Serritella v. Engelman, 339 F. Supp. 738 (D.N.J. 1972)

U.S. District Court for the District of New Jersey - 339 F. Supp. 738 (D.N.J. 1972)
February 24, 1972

339 F. Supp. 738 (1972)

Sam SERRITELLA et al., Plaintiffs,
Earl Evans and Clara Evans, and all others similarly situated, Plaintiffs in intervention,
Irving J. ENGELMAN, individually and as Director of the Division of Public Welfare of the Department of Institutions and Agencies, and Stella Cassi, Director of the Bergen County Welfare Board, Defendants.
Virginia SIMMONS and Colonel Simmons, her husband, individually and on behalf of their minor children and on behalf of all others similarly situated, Plaintiffs,
Irving ENGELMAN, individually and as Director of the Division of Public Welfare of the Department of Institutions and Agencies of the State of New Jersey, and Philip K. Lazaro, Director of the Essex County Welfare Board, Defendants.

Civ. A. Nos. 1256-71, 34-72.

United States District Court, D. New Jersey.

February 24, 1972.

*739 *740 *741 Richard S. Semel, Garfield, N. J., Murray J. Klein, Camden, N. J., Eric S. Summerville, Newark, N. J. (Richard I. Greenberg, Steven Cole, New York City, Center on Social Welfare Policy and Law, of counsel), for plaintiffs.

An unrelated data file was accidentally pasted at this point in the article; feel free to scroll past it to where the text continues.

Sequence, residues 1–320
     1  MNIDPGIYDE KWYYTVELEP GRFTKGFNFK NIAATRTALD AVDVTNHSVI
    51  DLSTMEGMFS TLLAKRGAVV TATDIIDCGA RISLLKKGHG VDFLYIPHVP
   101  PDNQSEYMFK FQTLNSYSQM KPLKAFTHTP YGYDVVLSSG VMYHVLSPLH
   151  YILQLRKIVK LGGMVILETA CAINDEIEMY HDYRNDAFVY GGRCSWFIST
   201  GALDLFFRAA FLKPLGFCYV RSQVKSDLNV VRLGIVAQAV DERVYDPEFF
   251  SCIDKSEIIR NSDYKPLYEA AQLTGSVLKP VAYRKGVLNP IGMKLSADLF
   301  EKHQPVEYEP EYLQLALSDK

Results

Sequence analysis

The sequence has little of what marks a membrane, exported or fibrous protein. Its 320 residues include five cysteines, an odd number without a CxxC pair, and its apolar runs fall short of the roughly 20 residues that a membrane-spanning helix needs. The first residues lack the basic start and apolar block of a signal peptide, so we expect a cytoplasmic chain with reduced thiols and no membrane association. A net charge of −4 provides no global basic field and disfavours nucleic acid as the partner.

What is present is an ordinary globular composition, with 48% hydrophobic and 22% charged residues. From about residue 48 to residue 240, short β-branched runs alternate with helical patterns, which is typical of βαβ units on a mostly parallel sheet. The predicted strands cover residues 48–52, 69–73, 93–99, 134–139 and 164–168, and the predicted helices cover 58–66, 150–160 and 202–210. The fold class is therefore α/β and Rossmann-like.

George F. Kugler, Atty. Gen. of N. J., by Daly D. E. Temchine, Deputy Atty. Gen., Trenton, N. J., Pierce H. Deamer, Jr., Bergenfield, N. J., for defendants.

Herbert J. Stern, U. S. Atty. by Stephen King, Asst. U. S. Atty., Newark, N. J., for HEW, amicus curiae.


LACEY, District Judge:

Plaintiffs, recipients of welfare benefits, have filed these actions under the Civil Rights Act of 1871, 42 U.S.C. § 1983, seeking a declaratory judgment and injunctive relief,[1] as well as damages. In addition, they assert a cause of action under Titles IV and XVI of the Social Security Act. 42 U.S.C. §§ 601 et seq. and 1381 et seq. The defendants are Irving Engelman, Director of the Division of Public Welfare of New Jersey's Department of Institutions and Agencies; Stella Cassi, Director of the Bergen County Welfare Board, and Philip Lazaro, Director of the Essex County Welfare Board.[2]

The named plaintiffs in the first action filed are Sam and Geraldine Serritella, and Marilyn Elassar. The motion of Earl and Clara Evans to intervene therein [Fed.R.Civ.P. 24(b)] is hereby granted. This action has been consolidated for all purposes with Simmons v. Engelman, et al., subsequently filed in this Court, and raising identical issues.

There are before the Court at this time various motions. Plaintiffs have moved for a preliminary injunction and for an order determining that these matters may be maintained in class action form under Fed.R.Civ.P. 23. Defendants, at the same time, have moved to dismiss the complaint on the grounds that this Court lacks subject matter jurisdiction; that the plaintiffs lack standing to sue; and that the claims at issue must be tried to a three-judge court. Defendants also move under Fed.R.Civ.P. 19 for leave to file a third-party complaint against the Department of Health, Education and Welfare (HEW).